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Thursday, Sep 21, 2023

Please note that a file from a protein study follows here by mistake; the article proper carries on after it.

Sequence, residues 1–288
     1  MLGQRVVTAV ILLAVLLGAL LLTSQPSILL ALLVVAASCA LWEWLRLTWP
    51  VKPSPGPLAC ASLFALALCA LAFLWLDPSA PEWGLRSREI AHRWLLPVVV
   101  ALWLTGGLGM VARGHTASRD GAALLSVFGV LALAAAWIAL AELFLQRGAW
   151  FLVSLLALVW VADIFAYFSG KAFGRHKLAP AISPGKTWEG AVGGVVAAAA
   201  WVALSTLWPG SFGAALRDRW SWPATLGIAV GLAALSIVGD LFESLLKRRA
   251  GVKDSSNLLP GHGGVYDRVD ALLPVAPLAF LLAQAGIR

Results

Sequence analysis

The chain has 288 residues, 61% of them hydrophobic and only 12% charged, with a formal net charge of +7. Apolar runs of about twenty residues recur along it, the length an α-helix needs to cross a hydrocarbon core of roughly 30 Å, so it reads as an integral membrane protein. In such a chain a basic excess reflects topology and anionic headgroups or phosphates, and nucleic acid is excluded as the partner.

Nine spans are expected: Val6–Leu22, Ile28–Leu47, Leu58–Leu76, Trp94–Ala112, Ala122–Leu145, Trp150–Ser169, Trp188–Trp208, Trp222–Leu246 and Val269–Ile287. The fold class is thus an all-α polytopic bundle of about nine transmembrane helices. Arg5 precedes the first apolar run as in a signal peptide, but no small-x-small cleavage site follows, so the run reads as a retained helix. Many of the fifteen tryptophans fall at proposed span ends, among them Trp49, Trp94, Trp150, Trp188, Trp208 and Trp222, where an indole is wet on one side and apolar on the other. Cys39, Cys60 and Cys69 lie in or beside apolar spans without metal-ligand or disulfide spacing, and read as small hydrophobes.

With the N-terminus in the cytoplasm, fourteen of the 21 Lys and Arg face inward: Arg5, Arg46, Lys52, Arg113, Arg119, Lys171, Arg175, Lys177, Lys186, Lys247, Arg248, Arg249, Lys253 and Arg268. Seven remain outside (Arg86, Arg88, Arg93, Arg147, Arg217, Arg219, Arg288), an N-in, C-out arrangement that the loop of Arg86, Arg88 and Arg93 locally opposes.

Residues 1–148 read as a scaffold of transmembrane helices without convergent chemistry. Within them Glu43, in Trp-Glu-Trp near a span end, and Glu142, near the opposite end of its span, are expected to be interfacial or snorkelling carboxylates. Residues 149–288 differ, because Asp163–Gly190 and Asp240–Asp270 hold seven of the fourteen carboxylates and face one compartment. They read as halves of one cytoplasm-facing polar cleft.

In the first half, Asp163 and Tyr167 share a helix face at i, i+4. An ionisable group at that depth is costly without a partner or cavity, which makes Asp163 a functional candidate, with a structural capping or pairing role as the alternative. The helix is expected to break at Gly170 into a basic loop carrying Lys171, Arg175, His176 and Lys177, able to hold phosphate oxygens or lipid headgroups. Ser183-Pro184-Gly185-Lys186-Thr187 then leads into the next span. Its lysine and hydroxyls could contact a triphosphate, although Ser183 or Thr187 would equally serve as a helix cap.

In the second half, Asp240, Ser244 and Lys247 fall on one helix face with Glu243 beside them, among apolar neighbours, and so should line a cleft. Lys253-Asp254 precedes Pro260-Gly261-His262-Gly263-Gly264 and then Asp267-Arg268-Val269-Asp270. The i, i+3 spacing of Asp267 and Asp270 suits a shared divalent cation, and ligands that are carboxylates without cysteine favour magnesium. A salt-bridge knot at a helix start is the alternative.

Valley/34″/dt1st/mike2nd By CHRISTOPHER WOODARD Staff Reporter California’s economy is expected to cool somewhat this year, with job growth slowing from better than 3 percent to about 2 percent. L.A. County’s economy also is expected to slow down, with job growth dipping to 1.6 percent from 2.4 percent last year. OK, but what does that mean for the San Fernando Valley? Will it mean boom or bust for Valley businesses this year? The truth is, no one really knows. Despite the fact that the greater Valley has 1.6 million residents and 600,000 private-sector jobs big enough to qualify as the sixth-largest city in the nation don’t expect any of the economic outlook studies to highlight the Valley. Fact is, no one actively tracks many of the region’s key economic indicators. Or if they do, the information is often incomplete, out of date or not broken down specifically for the Valley. While the problem may seem a bit arcane, the lack of solid economic data is a source of significant aggravation for business leaders and economists. Without a good reading of the economic climate, it’s difficult to say when an individual business or entire industry might need to change course, officials agree. “We’re blindfolded in terms of knowing where we are and where we need to go,” said Bob Scott, a Los Angeles city planner and vice chairman of the Economic Alliance of the San Fernando Valley. “When you can’t see where you are, and you can’t quantify yourself, it’s a little difficult to determine what your action plan ought to be.” Scott sees the problem as a symptom of Los Angeles’ indifference to the Valley, a perception that many agree is driving a push by the area to secede from Los Angeles. “The Valley is treated something like a colony. I don’t think it has full status within Los Angeles,” said Scott. “We’re like the tail end of the elephant. We have a very large and important demographic area, but it’s not broken out by anyone.” Jack Kyser, chief economist with the Los Angeles Economic Development Corp., says the lack of good Valley data is a systemic problem that has to do with the way the information is collected and managed in the United States. It’s a problem that affects not only the Valley, but all of the smaller geographic areas within Los Angeles, be it downtown or East L.A. “The economic data system in the U.S. is not state of the art. The lower you go as you move from the U.S., to the state level, to the city level the more woebegone it gets,” he said. Kyser said the state Employment Development Department’s monthly employment statistics are a good example of the state’s rickety data-collection system. The department’s figures are based on a statistical sampling of companies in California, but the survey is prone to discrepancies in many sectors. The figures exclude the self-employed, and the archaic classification system the state and federal government have used since the 1920s, called standard industrial classification codes, doesn’t even recognize next-generation industries like new media, he said. “It gets to be very, very frustrating. The data (in many areas) is hard to access, and it has a lot of specific twists you have to be aware of. It’s just very poor,” said Kyser. Employment information is just one item on the list of hard-to-get or incomplete data. The state Board of Equalization tracks sales-tax revenue for the entire city, but doesn’t provide a breakout for the Valley or any other sub-region of the city. The Los Angeles Building and Safety Department does a good job tracking building permits, said Kyser, but no longer provides breakouts for the Valley or other areas of L.A. because of cost constraints. The U.S. Census Bureau tracks personal income, but the data is only collected every 10 years and the last complete snapshot was taken nearly a decade ago. The Los Angeles City Housing Department calculates apartment vacancy rates, but the system, which is based on electricity shut-offs and account transfers, is full of flaws. For instance, many larger apartment complexes can’t be tracked because they have master meters that don’t show individual accounts. Real estate brokers track office and industrial vacancy rates, but economists complain that those numbers are often inconsistent because the firms use different reporting methods, said Kyser. But when it comes to studying the economic vitality of a region, it’s job growth that is usually seen as the single most important criterion. And that brings us back to the state Economic Development Department. The EDD carefully tracks unemployment insurance claims and can break down employment data by industry within specific zip codes, but John Rooney, president of the Valley Economic Development Center, complains that he and others have had difficulty getting the EDD to release its specific data because the department considers it proprietary. That kind of information is key to helping business and government leaders chart the Valley’s course, Rooney said. “It relates to economic strategy, understanding what we have and creating a more vibrant economy.” Phil Hardiman, who heads the labor-market information division that collects the data for the EDD, confirmed that his division does indeed withhold employment data in cases where it might be used to identify a certain employer in a small geographic area. For instance, if there’s only one entertainment company in a certain zip code, it would be a simple task for competitors to glean useful intelligence by using EDD figures. The bigger problem with using zip codes to glean employment data is that the information is not always accurate, Hardiman said. That’s because the zip code the state plugs into its spread sheets comes from the company’s listed mailing address. Often, a firm will use the address of its accounting firm for reporting purposes, thus skewing the results of a breakdown by zip code, he said. Hardiman said convincing the Legislature to change reporting requirements, possibly igniting opposition from the business community, would be a tall order. Such a change in reporting requirements might also require the EDD to incur substantial costs, in additional staff time and computer modifications. Rep. Brad Sherman, D-Woodland Hills, a former member of the state Franchise Tax Board, said the problem boils down to “a lack of enthusiasm for doing the extra work, both by government and by business. Sherman said the state Franchise Tax Board, for instance, requires businesses to report retail sales in each jurisdiction in which they have stores, but they are not required to distinguish between sales in different parts of Los Angeles. As a result, smaller cities like Burbank and Glendale can obtain reliable data on sales-tax generation, but areas like the Valley aren’t broken out. To provide ongoing tracking of areas within L.A. would require a change in the reporting laws, mandating that businesses provide a more complete breakdown of sales in each area of the city. “For the slightest added burden, we would have some great figures,” said Sherman. Out of a sense of frustration, Scott last year began spearheading an effort by the Economic Alliance to gather data on economic and social trends in the greater San Fernando Valley. The Valley Information Project is expected to report its findings to the alliance some time in the first quarter. The alliance will then act as a clearinghouse for the information, using it primarily to help market the Valley to companies considering relocating there. Meanwhile, Cal State Northridge, through its College of Business Administration and Economics, has set up its own San Fernando Valley Economic Research Center to catalog and track economic, social and demographic trends in the Valley. Shirley Svorny, director of the center, said she would like to expand the center’s role to include economic forecasts as well, but she is reluctant to do so in part due to the lack of reliable data, especially employment data. Scott said that while the alliance’s information project and CSUN research center help fill the gaps, the information void won’t be plugged entirely until government agencies become more forthcoming with data. Scott said his complaints about the government withholding information may seem “paranoid,” but it’s a problem Valley business leaders have been grappling with for decades. As proof, he keeps on hand a copy of a March 15, 1962 newspaper article in which business leaders call for a breakout of sales-tax revenue to determine if the Valley could be a stand-alone city. “Knowledge is power, and if you give knowledge away you’re giving up power,” said Scott.